Montana Wolf

Wednesday, November 23, 2011

Recipe for Planetary Peace (Miracles From the Gnarly Brown Tin Box)

Thanksgiving is tomorrow. I'll travel with Wood Tick to his friend John's house outside of Kalispell; a mountaintop where John has patiently constructed a western town replica for a dozen years. There's a saloon, land and law office, trading post and a block house. There's an old hotel (where visitors stay) and his simple little two-room cabin. Every building is filled with antiques authentic to the theme of the shelter. It's a site to behold, and tomorrow his efforts will be graced with a couple dozen people and a big outdoor fire.

I've just chopped two heads of red cabbage. It' simmers away on the stove, filling the house with an unmistakeable aroma. I grew up with this Danish dish, a recipe passed on from my Grandma Nealson and who knows, perhaps her mother from Northern Denmark, Andrea. Aunt Sarina had her version. So did Minnie and Aunt Clara. As much as Thanksgiving and the holiday season cuts deep with remembrances, nothing pierces my heart like opening up my small brown file box and pulling out a recipe in a beloved's handwriting. Mom's mincemeat cookies. Willie Mae's Chess Pie. Aunt Fondelete's Baked Corn. Chlo's sweet potato casserole.  Inga's Danish Pancakes. Just the names are enough to send one reeling. And today, it's Aunt Clara's Red Cabbage, scrolled in red ink and large, swirling handwriting. She comes alive on the stained index card, where cups and teaspoons are interspersed with comments and mild admonishments. "You notice the recipe calls for red cabbage but I use the white," she wrote, "the red is always so high priced." Or her final words, "I don't know if you can figure this out. Wish you had watched. It's hard to explain. You know how I cook."

Yes Aunt Clara. I know how you cooked. I spent infinite hours in your kitchen as you kneaded bread and mixed cookies. There was no place else on earth I wanted to be but next to you. But somehow I missed the days before Thanksgiving when you started the red cabbage. Just like I never saw you make my tall angel food birthday cake with clouds of double-boiler frosting that magically appeared on October 23rd. A handful of this, a dash of that. A taste to adjust. Life permeated with heart.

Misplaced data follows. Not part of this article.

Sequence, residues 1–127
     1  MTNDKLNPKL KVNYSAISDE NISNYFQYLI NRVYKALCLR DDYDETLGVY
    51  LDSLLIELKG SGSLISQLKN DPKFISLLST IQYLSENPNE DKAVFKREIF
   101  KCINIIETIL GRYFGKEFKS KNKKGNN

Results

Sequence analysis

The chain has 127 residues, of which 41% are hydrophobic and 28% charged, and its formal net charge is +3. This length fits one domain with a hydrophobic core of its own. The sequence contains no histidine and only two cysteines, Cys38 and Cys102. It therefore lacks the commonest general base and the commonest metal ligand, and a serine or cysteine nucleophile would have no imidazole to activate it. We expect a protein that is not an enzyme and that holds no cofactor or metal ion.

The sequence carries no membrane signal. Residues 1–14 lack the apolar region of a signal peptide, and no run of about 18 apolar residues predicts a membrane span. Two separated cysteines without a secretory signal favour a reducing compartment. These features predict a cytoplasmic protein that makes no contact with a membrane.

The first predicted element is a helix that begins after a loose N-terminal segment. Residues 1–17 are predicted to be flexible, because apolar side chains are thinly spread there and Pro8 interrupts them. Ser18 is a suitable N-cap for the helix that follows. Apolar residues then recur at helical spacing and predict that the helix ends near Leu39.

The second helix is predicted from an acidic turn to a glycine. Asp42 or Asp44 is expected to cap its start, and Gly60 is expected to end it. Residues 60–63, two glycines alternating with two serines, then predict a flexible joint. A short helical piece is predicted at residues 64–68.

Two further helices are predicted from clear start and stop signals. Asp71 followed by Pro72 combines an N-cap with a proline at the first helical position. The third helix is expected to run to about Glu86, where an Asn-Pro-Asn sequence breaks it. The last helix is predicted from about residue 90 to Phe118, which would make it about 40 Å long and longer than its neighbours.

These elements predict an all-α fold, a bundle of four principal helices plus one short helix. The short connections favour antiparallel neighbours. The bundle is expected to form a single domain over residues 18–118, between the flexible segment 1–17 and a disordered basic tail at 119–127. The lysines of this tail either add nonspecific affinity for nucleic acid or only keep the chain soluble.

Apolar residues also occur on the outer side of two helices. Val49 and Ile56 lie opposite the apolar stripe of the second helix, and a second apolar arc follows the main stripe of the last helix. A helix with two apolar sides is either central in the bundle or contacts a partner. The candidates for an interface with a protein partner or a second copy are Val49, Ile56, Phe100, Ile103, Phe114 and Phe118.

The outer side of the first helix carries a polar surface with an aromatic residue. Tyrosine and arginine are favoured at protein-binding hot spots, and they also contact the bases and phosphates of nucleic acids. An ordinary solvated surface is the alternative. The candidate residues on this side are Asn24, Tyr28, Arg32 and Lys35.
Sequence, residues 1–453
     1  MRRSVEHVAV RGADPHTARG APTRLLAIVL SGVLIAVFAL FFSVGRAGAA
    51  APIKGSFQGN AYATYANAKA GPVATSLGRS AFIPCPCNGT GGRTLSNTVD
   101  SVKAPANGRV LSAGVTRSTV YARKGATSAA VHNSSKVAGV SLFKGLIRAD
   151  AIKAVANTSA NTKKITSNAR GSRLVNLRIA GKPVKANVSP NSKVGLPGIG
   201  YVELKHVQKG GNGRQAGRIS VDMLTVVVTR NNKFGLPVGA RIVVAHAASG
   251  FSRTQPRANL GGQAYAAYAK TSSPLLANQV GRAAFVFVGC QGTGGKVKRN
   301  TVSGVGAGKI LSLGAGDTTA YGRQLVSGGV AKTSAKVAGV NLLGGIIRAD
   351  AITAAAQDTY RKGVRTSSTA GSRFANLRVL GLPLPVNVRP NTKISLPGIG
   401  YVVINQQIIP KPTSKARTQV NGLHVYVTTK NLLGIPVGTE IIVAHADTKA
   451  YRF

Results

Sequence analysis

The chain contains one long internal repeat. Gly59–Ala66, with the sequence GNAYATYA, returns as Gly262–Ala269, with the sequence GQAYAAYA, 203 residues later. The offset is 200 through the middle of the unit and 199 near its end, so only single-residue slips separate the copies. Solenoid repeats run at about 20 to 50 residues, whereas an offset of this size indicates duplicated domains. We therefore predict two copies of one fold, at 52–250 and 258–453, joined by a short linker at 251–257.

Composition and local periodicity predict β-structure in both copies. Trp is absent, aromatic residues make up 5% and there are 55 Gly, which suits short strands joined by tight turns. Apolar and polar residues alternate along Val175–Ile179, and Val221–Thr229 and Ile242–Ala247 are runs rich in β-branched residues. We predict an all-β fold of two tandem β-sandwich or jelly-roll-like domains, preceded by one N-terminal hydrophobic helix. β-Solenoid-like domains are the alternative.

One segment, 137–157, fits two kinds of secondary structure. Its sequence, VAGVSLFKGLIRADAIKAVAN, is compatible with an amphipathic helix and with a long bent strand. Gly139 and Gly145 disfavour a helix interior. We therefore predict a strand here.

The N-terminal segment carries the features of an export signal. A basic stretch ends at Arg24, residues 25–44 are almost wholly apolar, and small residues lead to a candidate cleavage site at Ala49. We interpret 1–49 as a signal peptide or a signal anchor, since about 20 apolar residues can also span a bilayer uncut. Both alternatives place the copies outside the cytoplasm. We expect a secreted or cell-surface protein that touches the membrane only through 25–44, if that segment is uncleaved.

Thanksgiving. I give thanks for the potent combination of creativity and love. For those with the courage to live their dreams. To lay their passions upon this planet, from kitchens to mountaintops. On behalf of all life upon this planet.

Blessed Be.

AUNT CLARA'S RED CABBAGE (in her own words)
1 head good sized cabbage
2 T butter or oleo
1/3 c vinegar; 1/4 c water
1 tsp salt
1/3 c sugar
2 T grape jelly
Shred the cabbage. Melt butter in large pan and add cabbage; stir to coat.
Add everything except the jelly and cook at least 3 hours over low heat. Then, if it doesn't taste right I just  add a little sugar, vinegar or whatever I think it needs. The jelly I put in last hour or so. It helps to color it. (If you use white cabbage.)

(She made this at least a day ahead of time; let it sit, reheated and adjusted it the next day. It's a luscious sweet and sour dish; the kind of thing you either loved or disdained. Dis-Daned. :^)


Dear Readers, I'd love to see your comments. There's a problem. Many can not post. Hope you'll try. I've exhausted remedies on my end. Christina


  1. I've had the great pleasure of feasting on this dish, compliments of the author, both incomparable additions to my holiday table!

  2. Also love grandma's scalloped corn and YOUR stuffing! Maybe next year! Live you mom!

  3. Posting to the Blog, this from a reader: "When I commented on the 1st one I used the google choice, and it worked. When I commented on the next one, that method didn't work, so eventually just typing my first name into the URL choice, without filling in the 2nd bar, worked."
    Thanks for your perseverance.

  4. JOHANNA: I too love red cabbage and remember well my mother and aunts' versions. Some put in onions and I think I remember once some raisins !! Years after, when I was grown, I asked my mother for her recipe. "Oh, she replied, I don't make it from scratch anymore. I use the one in the jar - so much easier." So much for the old German's way.

  5. Thanksgiving Blessings to you, Dear Sister.
    No red cabbage, but such an abundance of food and good cheer at our table. Our 28 pound Tom was delicious and our son-in-law Tom was gracious. The kids were full of fun. So fortunate we are!